Thousands left homeless by a volcanic mud eruption in Indonesia are still waiting for the final payment of their compensation.
It’s been seven years since the Lapindo mud flow disaster, when a sea of mud first began bubbling up, submerging homes and livelihoods.
Many blame oil drilling activities for the river of mud that erupted, but the company involved, Lapindo, says a volcanic eruption hundreds of kilometres away triggered the flow.
A court case also found it wasn’t at fault, but the company did agree to pay compensation.
Mud flow protester Rendra Triwisastra says the final tranche of millions of dollars is yet to come through, leaving 3,000 people still waiting for full compensation.
“They should finish the payment process so that we don’t have to rent houses anymore,” he said.
“I’ve moved 4 times now, and every time I have to adapt with new people, far from friends, neighbours and the families that I know.”
The last instalment was promised again in May, but so far there’s been no sign of it.
“Recently they say by the end of 2012 they will fulfil the compensation but in fact they don’t have any money,” Sidoarjo from the Mud Disaster Mitigation Agency said.
“We understand their feeling, because it’s already been seven years that they’re full compensation has not been fulfilled by Lapindo.”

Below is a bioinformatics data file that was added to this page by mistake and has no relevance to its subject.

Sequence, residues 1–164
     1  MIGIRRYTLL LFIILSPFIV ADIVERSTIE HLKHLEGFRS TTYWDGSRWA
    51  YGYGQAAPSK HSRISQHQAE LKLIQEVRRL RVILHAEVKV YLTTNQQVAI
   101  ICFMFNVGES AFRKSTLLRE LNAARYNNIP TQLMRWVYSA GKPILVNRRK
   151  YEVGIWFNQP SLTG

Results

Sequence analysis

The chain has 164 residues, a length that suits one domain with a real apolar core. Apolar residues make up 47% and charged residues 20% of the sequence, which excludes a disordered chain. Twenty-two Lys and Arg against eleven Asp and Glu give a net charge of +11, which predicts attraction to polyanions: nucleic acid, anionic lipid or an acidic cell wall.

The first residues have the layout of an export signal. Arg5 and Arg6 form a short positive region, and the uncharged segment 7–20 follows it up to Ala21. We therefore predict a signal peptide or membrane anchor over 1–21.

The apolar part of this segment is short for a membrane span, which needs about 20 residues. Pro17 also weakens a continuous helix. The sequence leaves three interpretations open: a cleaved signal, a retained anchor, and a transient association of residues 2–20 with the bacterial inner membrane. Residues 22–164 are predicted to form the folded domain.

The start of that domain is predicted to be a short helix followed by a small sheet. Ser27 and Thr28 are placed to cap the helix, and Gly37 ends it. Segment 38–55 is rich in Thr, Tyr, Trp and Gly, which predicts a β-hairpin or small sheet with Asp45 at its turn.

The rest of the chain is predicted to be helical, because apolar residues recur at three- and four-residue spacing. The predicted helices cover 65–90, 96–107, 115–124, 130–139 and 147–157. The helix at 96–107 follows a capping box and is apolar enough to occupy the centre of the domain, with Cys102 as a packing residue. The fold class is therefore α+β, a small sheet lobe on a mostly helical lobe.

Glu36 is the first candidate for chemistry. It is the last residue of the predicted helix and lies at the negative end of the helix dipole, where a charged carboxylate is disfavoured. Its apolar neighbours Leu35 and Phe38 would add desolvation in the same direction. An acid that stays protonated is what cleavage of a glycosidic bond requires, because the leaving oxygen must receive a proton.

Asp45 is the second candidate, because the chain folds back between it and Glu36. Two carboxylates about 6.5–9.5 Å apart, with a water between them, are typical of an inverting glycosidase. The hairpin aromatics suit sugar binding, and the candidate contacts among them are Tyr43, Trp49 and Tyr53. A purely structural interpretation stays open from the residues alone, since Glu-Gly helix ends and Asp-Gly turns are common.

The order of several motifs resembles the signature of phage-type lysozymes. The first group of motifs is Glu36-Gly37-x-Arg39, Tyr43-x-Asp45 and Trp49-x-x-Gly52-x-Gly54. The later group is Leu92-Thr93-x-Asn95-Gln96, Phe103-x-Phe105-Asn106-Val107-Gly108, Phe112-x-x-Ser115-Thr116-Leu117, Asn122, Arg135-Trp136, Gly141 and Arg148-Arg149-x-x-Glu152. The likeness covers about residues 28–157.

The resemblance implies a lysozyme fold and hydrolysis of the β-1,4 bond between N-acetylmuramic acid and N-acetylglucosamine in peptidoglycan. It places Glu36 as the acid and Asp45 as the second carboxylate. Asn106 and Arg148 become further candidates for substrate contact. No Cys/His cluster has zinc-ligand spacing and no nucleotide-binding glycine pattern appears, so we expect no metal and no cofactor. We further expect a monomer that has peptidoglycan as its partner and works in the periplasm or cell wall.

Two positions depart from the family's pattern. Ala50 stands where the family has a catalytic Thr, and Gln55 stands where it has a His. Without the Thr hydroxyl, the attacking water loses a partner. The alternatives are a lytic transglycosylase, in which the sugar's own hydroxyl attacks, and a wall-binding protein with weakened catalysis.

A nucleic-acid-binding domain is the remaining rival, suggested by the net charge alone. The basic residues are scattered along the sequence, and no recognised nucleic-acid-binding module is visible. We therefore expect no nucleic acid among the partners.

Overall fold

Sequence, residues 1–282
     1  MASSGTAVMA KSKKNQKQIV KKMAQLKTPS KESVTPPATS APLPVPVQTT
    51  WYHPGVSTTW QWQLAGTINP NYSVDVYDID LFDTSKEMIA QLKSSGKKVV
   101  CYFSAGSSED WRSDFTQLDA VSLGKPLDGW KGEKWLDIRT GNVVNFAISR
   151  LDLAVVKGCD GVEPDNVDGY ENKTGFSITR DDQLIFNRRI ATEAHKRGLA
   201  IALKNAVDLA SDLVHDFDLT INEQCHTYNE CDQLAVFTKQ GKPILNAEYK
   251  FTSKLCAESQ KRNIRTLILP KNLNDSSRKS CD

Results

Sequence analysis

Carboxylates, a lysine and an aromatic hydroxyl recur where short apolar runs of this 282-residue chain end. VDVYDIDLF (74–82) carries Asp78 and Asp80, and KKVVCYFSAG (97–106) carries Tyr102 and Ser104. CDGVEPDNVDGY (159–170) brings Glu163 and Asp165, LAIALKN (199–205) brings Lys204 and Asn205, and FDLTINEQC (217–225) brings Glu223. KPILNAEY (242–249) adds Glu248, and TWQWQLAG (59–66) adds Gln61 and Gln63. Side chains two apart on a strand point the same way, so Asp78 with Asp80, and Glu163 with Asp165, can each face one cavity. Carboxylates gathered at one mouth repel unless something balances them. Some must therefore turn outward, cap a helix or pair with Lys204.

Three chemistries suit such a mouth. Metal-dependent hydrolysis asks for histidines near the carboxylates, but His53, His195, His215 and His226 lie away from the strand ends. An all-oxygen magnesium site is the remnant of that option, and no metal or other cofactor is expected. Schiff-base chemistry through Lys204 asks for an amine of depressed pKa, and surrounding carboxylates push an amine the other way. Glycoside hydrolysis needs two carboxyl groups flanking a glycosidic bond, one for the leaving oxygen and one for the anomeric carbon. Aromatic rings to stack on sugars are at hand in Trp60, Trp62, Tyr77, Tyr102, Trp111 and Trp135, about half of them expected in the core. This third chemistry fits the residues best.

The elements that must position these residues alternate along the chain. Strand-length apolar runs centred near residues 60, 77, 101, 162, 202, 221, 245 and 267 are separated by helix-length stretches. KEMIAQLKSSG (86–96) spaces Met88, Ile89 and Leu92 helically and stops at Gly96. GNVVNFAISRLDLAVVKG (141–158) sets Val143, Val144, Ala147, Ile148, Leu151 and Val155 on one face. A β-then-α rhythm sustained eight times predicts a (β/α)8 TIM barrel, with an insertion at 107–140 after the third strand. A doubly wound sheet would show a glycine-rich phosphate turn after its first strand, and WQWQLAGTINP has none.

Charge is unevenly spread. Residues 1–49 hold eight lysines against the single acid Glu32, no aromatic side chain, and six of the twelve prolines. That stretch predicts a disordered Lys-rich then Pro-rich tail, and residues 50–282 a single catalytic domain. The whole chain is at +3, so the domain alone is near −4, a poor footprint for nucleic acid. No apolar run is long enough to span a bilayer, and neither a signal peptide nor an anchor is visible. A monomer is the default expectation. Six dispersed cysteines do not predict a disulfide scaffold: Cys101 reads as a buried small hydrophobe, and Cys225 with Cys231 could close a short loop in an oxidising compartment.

In April, Rendra Triwisastra says desperate villagers blocked the pumping operation that keeps the mud from building up.
“We blocked the project and we told the workers to go,” he said.
“Once the payment is settled they can continue their work.”
Aburizal Bakrie, the patriarch of a powerful Indonesian family that partly owns the drilling company, wants to be Indonesia’s next president.
Local residents like motorcycle driver Soleh say the delays in compensation could hurt his chances.
“If he wants to be a president, it’s his right,” he said.
“But if he doesn’t pay for the other 20 per cent of victims, we will not join the election.
“It is the commitment of the whole family.”